The coronavirus pandemic has had broad-reaching effects on the American economy and people’s daily lives. Whether it’s the struggle of working parents to homeschool their children while working from home or the millions of Americans who suddenly found themselves without jobs, everyone has been affected in some way by the pandemic and wide-spread lockdowns.
Today, the monthly BLS jobs report was released, showing June numbers that blew away the predictions for growth.
According to the report, the U.S. economy added 4.8 million jobs in June. This far surpassed the prediction of 3.1 million job gains. We should note the difference between the predicted number and the actual number: 1.7 million, more than the entire population of Hawaii.
Coming along with the job gains, the unemployment rate fell from 13.3 percent in May to 11.1 percent, a much larger drop than the predicted 12.5 percent rate.
The report highlights that June’s job gain is the largest monthly gain on record and, combined with the 2.7 million jobs added in May, represents the recovery of around one-third of the coronavirus-related job losses in March and April.
It’s been a slow climb but we’re recovering.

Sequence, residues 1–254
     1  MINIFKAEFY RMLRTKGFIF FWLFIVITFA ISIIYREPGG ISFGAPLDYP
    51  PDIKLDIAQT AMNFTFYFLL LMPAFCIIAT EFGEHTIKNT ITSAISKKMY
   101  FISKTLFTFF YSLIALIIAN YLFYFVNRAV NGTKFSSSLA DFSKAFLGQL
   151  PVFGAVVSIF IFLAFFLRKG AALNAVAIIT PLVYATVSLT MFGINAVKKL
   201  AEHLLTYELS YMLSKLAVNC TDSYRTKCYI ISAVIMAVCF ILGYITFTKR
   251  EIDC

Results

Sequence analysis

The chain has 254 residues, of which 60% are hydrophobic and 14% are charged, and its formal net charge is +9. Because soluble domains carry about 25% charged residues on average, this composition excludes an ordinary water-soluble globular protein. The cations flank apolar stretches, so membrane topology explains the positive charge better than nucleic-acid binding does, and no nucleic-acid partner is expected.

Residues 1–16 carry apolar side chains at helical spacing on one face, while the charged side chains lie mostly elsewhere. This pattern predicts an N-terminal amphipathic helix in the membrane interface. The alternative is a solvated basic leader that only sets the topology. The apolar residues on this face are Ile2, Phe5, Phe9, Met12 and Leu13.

The number of job losses (from employment to not in the labor force) were 3.6 million from May to June, well below the 4.7 million average over the last 12 months before this March.
Americans who were temporarily laid off from work are returning as well. The report estimates that there were 12.5 million people temporarily laid off in June, a decrease of 7.7 million since May.
Finally, minority groups are not being left behind in the recovery. The number of employed Black Americans increased 404,000, the second highest gain on record. Employed adult female Black Americans particularly benefited during this rise, increasing their numbers by 267,000 in June. Not to be outdone, the unemployment rate for Hispanic Americans dropped by 3.1 percentage points and the unemployment rate for women fell 2.8 percentage points in June.
Many Americans continue to struggle as the effects of the coronavirus lockdowns continue to affect millions of individuals but the past two months have shown encouraging job growth. Let’s hope the economy will continue on this upward trajectory, back to the booming economy we enjoyed at the beginning of this year.